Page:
Reflections on 500+ Days of ChatGPT: ’The mental model of higher education must change’

30 Apr 2024

OPINION - ChatGPT can be a reform opportunity for higher education, according to assistant professor Imtiaz Sifat from Radboud University and Saqib Sheikh from Nanyang Technological University. In their opinion piece, the researchers reflect on 500+ days of ChatGPT and take a look into the future of education.

In April 2024, ChatGPT passed the 500-day mark since its release. Its sudden emergence sparked a frenzy of debate in the higher education sector. Some extolled its benefits, though many remained skeptical due to the risks it poses to long-held academic conventions. As we endure the pain of keystrokes to author this piece, we acknowledge a non-zero probability that this article will not be read by a human but rather summarized by an AI bot.

Nonetheless, for the patient and orthodox (human) reader, our core thesis is this: we believe the question should not be whether students will or should use ChatGPT or similar tools; the debate should centre around how educators can guide them toward ethical use, critical evaluation, and the elevation of uniquely human skills.


Opponents of ChatGPT and similar AI tools argue that they facilitate unprecedented levels of student plagiarism. With the ability to generate descriptive essays and other original content quickly, cheaply, and easily, students have a powerful tool to avoid preparing their own work. This can exacerbate the lack of critical thinking and research skills already evident among young people entering adulthood in a world of fake news and misinformation.

On the other hand, these potential drawbacks, including the risk of unnoticed bias and algorithmic limitations, may be addressable in future updates. Proponents see the technology as a valuable tool for educators, easing time-consuming tasks like creating assessments and grading schemes. Initial experiments with incorporating ChatGPT into the classroom have shown promising results. Used thoughtfully, this form of AI can be a valuable ‘learning companion,’ as termed by Ethan Mollick of the Wharton School of Business.

Reform opportunity

While some concerns about ChatGPT are unique and well-founded, they mainly manifest the limits of an educational model already facing calls for reform. If anything, ChatGPT has presented higher education with an opportunity for much-needed introspection and an overdue kick up the backside. Unlike other tech disruptions, AI tools offer the most realistic catalysis for a shift away from outmoded post-Industrial Revolution job-training focus towards a deeper, more holistic system of learning.

At the heart of the ChatGPT phenomenon lies the question of idea generation and originality. As similar tools become pervasive, policing plagiarism will become increasingly difficult. New efforts are needed to organically incentivize academic integrity. Educators should build relationships of trust with students, fostering an environment where producing original work is the natural expectation, not a means to clear a digital hurdle. Such a model would value tracking student learning and progress through practical and applicative assessments, rather than relying exclusively on graded outputs. To achieve this, students must believe that taking ownership of their work is in their own best interest, both in the immediate and long-term.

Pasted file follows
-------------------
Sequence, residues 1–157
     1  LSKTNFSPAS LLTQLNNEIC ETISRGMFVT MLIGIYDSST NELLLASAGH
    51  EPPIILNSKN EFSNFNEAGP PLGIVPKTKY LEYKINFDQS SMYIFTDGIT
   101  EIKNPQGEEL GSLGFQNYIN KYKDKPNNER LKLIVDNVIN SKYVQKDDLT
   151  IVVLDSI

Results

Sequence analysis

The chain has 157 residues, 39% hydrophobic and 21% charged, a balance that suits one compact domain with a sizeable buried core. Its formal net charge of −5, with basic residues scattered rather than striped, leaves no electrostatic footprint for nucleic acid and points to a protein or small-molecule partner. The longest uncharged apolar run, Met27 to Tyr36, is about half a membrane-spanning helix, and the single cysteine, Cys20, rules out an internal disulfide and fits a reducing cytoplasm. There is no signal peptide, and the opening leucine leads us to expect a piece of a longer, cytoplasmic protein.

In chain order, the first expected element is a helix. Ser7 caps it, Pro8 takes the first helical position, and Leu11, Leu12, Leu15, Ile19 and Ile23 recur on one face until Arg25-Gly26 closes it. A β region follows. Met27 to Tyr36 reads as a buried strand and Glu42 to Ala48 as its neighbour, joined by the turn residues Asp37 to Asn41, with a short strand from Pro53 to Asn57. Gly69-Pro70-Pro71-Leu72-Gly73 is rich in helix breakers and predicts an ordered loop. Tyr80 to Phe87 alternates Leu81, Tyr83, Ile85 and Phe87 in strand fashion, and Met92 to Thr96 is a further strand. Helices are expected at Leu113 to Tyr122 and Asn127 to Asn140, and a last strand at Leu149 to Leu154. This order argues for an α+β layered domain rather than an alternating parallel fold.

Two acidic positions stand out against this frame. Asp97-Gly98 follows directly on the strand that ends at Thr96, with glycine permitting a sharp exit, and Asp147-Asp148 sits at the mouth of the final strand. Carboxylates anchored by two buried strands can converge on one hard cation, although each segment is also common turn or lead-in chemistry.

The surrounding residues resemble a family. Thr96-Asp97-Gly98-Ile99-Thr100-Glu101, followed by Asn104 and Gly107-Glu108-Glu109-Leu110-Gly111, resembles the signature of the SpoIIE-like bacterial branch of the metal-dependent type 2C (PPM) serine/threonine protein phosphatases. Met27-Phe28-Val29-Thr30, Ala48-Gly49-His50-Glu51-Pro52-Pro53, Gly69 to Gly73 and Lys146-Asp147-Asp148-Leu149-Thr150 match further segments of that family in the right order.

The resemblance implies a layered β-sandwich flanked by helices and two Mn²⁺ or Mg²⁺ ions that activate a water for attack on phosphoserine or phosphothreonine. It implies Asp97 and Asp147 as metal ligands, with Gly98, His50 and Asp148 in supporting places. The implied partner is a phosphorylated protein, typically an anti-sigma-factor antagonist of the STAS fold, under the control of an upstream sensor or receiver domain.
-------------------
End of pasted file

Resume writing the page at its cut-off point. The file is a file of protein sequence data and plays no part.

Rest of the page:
‘While some concerns about ChatGPT are well-founded, they mainly manifest the limits of an educational model already facing calls for reform’

So, what type of learning environment can encourage students to want to rather than to have to own their own work? Here is where the inner challenge of AI becomes clear. The prime function, so far, that doesn’t seem replicable yet by such tools is the originality of ideas. Yes, the tool can produce different forms of new fictionalized text and marketing content, but these are ultimately variations of existing themes in its own training data. Higher-level ideas and paradigms that break the mould are (still) mostly beyond its ambit. They remain the primary preserve of humans—for now.

Paths of future learning

The classroom of the near future, then, will need to emphasize ideation, the ability to conceptualize new forms and formats, and continuously push the boundaries of students’ contributions to collective knowledge. Leveraging AI tools for their ability to quickly synthesize existing knowledge should free up intellectual space for accelerating the drive toward novel ways of thinking.